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A Emissivity and reflection

  1. Aug 9, 2016 #1
    Hi Guys
    Im studying some thermal properties for my masters and while reading an article a weird thing happened:
    As far as i know, a good emitter must be a good absorber (since emission happens "after" absorption")
    Combining Fresnel equation for a medium that absorbs radiation and Kirchoff law
    ρ= (n1-n2)2+k2/((n1+n2)+k2)
    and 1-ε=ρ (at equilibrium)
    We find that
    ε= 4n/((n+1)+k2) assuming that medium 1 has n=1
    So, in the end i was asking myself, the more medium 2 absorbs (higher K values), smaller the value of ε is. But, higher absoption should increase emissivity
    Can anyone help me to explain this phenomena
    ps: sorry for bad english, im brazilian
    ps2: ε stands for emissivity, ρ for reflection and K, for absorption
     
  2. jcsd
  3. Aug 9, 2016 #2

    Charles Link

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    Materials such as metals are good reflectors and they also quickly attenuate any light/electromagnetic waves that get into their interior. I believe it is their large "k" value that makes them good reflectors. And yes, the metals have low emissivity. I think in general, materials that are good absorbers that have high emissivity are not characterized as being dielectrics, which is what the equations that you are working with assume. ...editing... and what I think is a typo: Your terms in the denominator should be squared: ## (n_1+n_2)^2 ## and ## (n+1)^2 ## . Also, the numerator in the first line for ## \rho ## needs a parenthesis: It should read ## \rho=((n_1-n_2)^2+k^2)/((n_1+n_2)^2+k^2) ##.
     
    Last edited: Aug 9, 2016
  4. Aug 9, 2016 #3

    DrDu

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    Absorption is proportional to ##\epsilon k##, not k alone.
     
  5. Aug 10, 2016 #4
    But the first equation i presented, isn´t it for a perfectly smooth interface between a dieletric and a second medium that can absorb radiation?
    And also, isn´t absorvity β = 4πK/λ assuming there is no scattering event
     
  6. Aug 10, 2016 #5

    DrDu

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    Sorry, my reply wasn't correct. I wanted to say that absorption is proportional to the imaginary part of the relative dielectric constant ##\epsilon_r##. But ##\epsilon_r=(n+ik)^2##, so the imaginary part of ##\epsilon_r## is 2nk. As Charles Link already mentioned, metals are an example of materials with high coefficient of extinction k but low absorbance. A normal metal can't absorb much of the incident light because it reflects most of it. A peculiar exception are gold and copper. These two metals absorb light somewhere in the green region of the spectrum and this has the effect that reflectivity is lower for these wavelength, which gives these metals their specific colour.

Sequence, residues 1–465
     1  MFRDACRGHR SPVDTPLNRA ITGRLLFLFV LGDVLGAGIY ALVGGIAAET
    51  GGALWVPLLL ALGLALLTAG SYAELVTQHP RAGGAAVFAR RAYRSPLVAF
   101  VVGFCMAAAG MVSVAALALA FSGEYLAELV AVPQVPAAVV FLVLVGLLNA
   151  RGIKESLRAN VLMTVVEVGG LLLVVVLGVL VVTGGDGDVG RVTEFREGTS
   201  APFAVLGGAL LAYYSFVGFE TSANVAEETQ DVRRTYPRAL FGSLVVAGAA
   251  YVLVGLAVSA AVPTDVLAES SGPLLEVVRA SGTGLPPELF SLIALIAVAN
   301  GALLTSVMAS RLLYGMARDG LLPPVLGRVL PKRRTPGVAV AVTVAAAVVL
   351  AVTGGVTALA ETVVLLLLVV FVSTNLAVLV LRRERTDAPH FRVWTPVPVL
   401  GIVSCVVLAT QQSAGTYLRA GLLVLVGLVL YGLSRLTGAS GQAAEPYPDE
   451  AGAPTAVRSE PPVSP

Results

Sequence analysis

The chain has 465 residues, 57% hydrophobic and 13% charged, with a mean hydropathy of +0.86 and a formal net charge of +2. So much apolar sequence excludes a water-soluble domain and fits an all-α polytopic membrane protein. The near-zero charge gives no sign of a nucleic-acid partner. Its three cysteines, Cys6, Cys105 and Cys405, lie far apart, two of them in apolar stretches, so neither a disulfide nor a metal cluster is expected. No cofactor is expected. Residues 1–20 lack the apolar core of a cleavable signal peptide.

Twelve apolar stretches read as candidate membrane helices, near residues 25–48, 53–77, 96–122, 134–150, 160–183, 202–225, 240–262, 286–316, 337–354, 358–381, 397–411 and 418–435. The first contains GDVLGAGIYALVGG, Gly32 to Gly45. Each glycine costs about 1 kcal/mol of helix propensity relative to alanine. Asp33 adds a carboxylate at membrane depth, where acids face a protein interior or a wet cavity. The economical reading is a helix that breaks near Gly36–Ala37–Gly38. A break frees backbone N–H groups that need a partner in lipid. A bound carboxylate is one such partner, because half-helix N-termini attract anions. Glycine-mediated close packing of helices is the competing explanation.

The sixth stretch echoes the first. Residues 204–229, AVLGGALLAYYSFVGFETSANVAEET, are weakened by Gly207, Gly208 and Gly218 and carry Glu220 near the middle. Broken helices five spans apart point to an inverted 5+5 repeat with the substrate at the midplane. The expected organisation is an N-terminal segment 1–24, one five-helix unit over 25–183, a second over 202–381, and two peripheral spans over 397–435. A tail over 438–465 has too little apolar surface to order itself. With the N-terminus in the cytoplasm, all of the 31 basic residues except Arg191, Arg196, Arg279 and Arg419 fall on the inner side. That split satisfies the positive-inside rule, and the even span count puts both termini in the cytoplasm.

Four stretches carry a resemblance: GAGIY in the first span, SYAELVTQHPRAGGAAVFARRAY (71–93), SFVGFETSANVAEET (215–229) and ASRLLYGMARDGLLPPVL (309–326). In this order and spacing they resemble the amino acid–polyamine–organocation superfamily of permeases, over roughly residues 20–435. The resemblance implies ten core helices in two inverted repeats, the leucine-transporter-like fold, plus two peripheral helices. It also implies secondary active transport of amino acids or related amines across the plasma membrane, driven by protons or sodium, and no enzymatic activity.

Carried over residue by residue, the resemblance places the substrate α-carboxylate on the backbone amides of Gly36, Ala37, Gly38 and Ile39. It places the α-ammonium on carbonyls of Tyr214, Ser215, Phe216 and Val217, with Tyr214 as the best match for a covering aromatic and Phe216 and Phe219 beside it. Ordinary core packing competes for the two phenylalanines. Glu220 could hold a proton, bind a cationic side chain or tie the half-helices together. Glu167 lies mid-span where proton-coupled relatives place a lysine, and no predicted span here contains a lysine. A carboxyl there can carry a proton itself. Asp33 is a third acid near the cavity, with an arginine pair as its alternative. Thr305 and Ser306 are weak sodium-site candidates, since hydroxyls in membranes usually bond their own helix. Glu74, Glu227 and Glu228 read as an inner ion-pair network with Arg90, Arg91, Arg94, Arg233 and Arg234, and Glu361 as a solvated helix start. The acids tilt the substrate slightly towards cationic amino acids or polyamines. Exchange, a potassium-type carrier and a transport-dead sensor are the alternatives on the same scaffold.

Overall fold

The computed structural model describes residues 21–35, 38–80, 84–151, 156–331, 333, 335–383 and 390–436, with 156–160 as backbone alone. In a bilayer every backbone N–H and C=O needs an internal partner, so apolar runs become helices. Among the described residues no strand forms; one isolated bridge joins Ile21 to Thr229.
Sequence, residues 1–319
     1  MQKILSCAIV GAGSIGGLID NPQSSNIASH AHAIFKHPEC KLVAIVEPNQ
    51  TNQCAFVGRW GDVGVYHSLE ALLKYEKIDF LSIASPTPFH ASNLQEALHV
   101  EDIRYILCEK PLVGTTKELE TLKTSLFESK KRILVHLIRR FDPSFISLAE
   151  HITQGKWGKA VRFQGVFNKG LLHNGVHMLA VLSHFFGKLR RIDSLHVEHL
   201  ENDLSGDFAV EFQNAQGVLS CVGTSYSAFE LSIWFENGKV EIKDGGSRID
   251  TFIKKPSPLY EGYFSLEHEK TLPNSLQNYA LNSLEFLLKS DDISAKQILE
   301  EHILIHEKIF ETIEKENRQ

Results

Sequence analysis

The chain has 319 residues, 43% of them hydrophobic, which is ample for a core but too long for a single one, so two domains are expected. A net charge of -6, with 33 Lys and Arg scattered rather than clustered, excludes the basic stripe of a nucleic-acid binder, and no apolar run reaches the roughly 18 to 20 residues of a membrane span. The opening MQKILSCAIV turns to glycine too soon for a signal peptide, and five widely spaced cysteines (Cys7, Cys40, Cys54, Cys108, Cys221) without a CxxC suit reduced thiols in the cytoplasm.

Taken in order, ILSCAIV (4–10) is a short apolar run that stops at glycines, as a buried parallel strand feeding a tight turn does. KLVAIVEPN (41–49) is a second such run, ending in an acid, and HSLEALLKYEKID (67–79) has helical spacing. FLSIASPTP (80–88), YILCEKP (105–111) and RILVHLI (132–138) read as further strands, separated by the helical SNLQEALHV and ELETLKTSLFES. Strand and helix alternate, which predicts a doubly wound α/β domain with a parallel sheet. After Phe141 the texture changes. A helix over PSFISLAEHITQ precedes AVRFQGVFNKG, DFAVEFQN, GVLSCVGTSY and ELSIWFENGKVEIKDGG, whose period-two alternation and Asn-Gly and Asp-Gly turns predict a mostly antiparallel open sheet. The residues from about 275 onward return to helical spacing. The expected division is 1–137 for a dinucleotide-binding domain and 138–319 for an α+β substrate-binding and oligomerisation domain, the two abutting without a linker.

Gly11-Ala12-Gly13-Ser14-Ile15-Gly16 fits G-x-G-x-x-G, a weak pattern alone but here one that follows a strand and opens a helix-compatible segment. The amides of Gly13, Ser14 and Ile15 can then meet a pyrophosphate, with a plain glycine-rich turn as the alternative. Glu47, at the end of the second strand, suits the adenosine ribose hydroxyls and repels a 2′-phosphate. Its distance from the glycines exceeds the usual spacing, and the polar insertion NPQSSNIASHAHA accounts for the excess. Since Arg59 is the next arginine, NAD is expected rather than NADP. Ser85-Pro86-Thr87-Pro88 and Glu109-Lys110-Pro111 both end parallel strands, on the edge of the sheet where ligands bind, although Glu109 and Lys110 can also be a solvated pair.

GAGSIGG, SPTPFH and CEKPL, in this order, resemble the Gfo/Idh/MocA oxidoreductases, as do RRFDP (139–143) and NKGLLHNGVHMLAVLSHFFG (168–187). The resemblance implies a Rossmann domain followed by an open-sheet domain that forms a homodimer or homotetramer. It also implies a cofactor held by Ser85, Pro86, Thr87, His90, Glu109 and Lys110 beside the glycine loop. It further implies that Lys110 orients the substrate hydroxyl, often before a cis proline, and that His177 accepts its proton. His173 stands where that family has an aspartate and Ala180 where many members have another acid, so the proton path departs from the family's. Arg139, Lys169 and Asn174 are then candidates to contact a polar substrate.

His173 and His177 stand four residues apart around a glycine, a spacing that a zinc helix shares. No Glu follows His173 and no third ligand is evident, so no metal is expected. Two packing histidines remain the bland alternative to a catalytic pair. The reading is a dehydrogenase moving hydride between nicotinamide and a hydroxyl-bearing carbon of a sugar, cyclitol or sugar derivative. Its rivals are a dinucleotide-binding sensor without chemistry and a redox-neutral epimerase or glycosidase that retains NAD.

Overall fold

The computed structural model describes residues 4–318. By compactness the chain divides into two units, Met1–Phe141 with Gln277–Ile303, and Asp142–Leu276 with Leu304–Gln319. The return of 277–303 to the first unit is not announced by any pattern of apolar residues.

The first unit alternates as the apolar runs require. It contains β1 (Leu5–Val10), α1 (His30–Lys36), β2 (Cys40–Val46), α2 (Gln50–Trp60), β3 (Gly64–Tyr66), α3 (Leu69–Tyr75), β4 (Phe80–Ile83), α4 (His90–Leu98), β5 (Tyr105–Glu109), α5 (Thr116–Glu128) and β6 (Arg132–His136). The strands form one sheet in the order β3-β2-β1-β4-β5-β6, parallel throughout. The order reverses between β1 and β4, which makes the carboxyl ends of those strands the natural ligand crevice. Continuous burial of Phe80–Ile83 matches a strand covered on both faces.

7. Aug 10, 2016 #6

    Charles Link

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    Just an additional item or two. At the interface between two dielectrics, the reflections are specular, i.e. angle of incidence=angle of reflection. The equations for reflectivity above are for normal incidence (perpendicular to the surface). The specular reflectivity will vary as a function of incident angle and polarization (and is likely to vary with wavelength). Any emissivities that you compute by using ## \mathcal{E}=1-\rho ## are simply estimates. Many solids are opaque and much of the reflection is of a diffuse nature. A surface scattering and absorption takes place, and the substance typically has a biderectional reflectivity function that is even more detailed than the specular case above and is also a function of wavelength. Again any emissivities that get computed from the reflectivity are normally estimates. Perhaps there is a complex mathematical method that would give the emissivity from the spectral bidrectional reflectivity, but it would be a very complex calculation.
     
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